Brazil's leftist icon Luiz Inacio Lula da Silva turned himself in Saturday to start a 12-year sentence for corruption after a chaotic attempt by supporters to stop him from surrendering. Surrounded by bodyguards, Lula had to push through a seething throng of supporters to get into a police vehicle outside the metalworkers' union building in Sao Bernardo do Campo, where he had been holed up for two days and nights.
Earlier, the same crowd had mobbed his car and forced him to retreat when he attempted to drive out. Don't surrender! Stay here Lula! they chanted.
Finally in custody, the 72-year-old was driven under escort to Sao Paulo police headquarters for a medical exam. He was then flown by a single engine aircraft to the southern city of Curitiba, base for Brazil's gigantic Car Wash anti-corruption operation.
A jail cell with special conditions, including a hot private shower and toilet, awaited him.
The arrest ended four straight days of at times surreal drama as Lula -- president from 2003-2010 and once one of the world's most popular politicians -- tried to resist.
After his arrest, there were reports of fireworks and cheering in Brasilia, Rio de Janeiro, Sao Paulo and other cities among those who long considered Lula responsible for the tide of graft sweeping over Brazilian politics.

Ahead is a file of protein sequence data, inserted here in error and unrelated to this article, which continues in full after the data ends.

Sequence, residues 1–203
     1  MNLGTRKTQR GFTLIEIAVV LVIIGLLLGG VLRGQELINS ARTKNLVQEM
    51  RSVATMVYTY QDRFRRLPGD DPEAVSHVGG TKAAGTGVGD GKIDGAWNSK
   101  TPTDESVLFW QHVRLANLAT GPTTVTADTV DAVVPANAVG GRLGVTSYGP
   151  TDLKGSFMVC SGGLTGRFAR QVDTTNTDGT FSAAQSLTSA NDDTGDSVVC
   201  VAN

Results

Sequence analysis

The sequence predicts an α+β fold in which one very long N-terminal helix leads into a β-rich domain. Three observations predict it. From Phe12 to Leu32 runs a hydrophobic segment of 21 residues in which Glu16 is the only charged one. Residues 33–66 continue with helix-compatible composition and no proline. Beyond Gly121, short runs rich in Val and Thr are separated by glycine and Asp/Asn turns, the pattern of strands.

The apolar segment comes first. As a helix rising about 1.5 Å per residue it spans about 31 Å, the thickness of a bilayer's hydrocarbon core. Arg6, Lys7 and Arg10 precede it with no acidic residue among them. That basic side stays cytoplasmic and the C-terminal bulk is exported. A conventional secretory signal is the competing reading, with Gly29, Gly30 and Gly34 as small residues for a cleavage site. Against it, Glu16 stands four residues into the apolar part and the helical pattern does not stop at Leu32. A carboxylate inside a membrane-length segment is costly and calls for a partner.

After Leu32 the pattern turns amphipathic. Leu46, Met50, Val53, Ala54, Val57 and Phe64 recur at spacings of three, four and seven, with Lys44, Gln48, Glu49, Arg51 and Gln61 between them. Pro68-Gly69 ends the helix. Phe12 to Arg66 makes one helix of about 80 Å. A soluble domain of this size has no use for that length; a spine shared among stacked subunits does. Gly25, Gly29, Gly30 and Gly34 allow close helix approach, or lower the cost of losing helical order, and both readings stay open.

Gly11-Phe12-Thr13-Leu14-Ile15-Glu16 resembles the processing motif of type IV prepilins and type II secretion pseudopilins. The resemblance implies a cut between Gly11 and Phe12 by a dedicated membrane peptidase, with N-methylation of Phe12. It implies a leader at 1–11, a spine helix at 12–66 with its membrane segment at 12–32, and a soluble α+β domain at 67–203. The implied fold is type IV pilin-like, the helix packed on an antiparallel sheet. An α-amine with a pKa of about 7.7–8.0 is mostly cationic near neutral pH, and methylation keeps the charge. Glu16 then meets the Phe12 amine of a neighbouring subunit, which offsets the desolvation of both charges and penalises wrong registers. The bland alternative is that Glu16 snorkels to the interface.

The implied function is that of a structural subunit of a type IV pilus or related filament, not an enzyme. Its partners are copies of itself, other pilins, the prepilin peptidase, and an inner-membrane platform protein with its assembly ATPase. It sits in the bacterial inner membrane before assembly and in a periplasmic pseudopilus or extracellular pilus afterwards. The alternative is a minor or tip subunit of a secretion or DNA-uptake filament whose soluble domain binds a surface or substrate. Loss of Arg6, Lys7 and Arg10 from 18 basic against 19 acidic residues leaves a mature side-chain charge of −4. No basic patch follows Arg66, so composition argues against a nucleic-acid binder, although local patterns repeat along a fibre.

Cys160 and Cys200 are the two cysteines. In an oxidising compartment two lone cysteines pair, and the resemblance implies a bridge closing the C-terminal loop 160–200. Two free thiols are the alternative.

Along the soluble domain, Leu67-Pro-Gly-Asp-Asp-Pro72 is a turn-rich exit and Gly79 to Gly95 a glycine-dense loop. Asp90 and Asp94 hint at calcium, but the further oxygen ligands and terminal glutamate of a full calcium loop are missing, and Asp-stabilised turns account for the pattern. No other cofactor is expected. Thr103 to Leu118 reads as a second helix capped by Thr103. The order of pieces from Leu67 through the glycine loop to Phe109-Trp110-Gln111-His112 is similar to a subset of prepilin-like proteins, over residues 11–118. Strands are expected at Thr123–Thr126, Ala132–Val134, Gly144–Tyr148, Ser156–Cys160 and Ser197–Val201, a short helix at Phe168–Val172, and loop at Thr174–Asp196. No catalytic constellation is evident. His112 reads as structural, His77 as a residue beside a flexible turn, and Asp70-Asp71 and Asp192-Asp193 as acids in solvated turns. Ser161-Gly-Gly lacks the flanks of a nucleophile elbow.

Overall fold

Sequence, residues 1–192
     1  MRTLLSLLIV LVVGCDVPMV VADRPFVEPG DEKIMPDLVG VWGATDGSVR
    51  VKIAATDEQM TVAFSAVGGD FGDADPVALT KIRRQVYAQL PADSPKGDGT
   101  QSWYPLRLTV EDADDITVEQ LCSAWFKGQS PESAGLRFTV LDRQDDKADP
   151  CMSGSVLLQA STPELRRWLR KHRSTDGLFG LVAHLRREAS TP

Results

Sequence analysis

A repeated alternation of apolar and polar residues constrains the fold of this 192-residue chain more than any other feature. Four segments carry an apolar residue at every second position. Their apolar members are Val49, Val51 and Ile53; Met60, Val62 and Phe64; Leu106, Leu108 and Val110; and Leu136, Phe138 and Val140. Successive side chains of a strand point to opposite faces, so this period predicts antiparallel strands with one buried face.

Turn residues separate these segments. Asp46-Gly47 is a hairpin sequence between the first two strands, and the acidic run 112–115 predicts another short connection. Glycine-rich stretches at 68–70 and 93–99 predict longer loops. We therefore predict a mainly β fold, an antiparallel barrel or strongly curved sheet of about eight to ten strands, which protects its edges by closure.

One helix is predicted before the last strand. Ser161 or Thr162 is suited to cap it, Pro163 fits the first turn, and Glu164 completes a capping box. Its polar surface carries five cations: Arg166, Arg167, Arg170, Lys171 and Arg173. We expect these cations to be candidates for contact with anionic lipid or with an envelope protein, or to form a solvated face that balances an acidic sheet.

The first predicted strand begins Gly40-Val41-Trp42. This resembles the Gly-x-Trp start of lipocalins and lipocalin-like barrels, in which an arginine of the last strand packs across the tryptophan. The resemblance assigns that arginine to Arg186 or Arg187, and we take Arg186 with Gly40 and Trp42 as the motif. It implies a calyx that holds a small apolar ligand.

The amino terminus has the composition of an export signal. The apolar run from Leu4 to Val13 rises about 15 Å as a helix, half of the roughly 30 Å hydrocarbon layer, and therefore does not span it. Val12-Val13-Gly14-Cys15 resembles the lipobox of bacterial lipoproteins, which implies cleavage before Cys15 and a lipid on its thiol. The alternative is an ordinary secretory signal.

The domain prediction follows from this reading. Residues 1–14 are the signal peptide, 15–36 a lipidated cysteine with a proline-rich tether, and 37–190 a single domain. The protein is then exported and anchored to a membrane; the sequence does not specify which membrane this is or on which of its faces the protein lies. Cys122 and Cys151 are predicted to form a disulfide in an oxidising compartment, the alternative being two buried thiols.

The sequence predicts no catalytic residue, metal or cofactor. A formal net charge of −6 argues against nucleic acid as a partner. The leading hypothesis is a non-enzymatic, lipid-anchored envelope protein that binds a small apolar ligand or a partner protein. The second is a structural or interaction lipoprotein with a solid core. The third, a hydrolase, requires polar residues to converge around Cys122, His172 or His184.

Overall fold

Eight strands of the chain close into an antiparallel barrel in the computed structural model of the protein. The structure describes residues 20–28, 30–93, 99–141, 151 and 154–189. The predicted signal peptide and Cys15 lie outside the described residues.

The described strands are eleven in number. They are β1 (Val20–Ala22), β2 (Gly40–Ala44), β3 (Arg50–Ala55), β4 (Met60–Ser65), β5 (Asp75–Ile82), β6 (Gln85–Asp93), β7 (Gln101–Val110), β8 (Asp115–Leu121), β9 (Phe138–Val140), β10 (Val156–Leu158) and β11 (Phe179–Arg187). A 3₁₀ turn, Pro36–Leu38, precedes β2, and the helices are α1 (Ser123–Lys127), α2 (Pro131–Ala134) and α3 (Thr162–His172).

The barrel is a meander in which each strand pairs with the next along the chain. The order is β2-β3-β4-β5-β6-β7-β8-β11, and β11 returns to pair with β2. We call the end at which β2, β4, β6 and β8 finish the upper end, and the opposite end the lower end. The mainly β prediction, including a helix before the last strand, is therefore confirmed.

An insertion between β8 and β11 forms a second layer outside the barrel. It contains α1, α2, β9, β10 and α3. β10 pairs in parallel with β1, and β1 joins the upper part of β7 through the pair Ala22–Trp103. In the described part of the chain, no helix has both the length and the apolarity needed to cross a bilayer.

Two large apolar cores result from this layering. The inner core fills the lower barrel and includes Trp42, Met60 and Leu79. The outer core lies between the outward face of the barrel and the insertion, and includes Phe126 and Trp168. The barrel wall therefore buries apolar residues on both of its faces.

However, his supporters had tears at the exit of a man they remember for removing tens of millions of people from poverty and for connected with voters in a way few other modern Brazilian politicians have managed.
Despite his many legal problems, Lula remains the frontrunner ahead of October presidential elections and if he is unable to compete, as expected, the race will be thrown wide open.
Lula was found guilty last year of taking a luxury apartment as a bribe from a construction company.
He had been ordered to surrender to police by Friday but defiantly missed the deadline while shut up in the union building in Sao Bernardo do Campo.
In emotional scenes earlier Saturday, he emerged from the building to address the several thousand diehard supporters from his Workers' Party and other leftist organizations who had vowed to shield him from police.
In an hour long speech, Lula called himself an outraged citizen over his conviction, saying that Brazil's top anti-corruption judge, Sergio Moro, lied about him being given the apartment by a big construction firm as a kickback.
I am the only human being to be put on trial for an apartment that does not belong to me, he said.
Lula accused the judiciary and Brazil's most powerful media conglomerate of assisting a right-wing coup with the ultimate aim of preventing him from competing in the race.
They don't want me to take part, he said. Their obsession is to get a photo of Lula as a prisoner.
But, crucially, Lula said he would drop his dramatic show of resistance and comply with the arrest warrant. After the speech, Lula was lifted onto the shoulders of supporters who chanted, I am Lula.
Lula also faces multiple other court cases and is considered the biggest scalp so far for prosecutors at the Car Wash probe -- an unraveling of systemic bribery and embezzlement at the top echelons of Brazilian politics.
But he is also an outsized figure in recent Brazilian history and revered around the world among leftists. While president, he managed to build bridges with the center and oversaw a booming economy.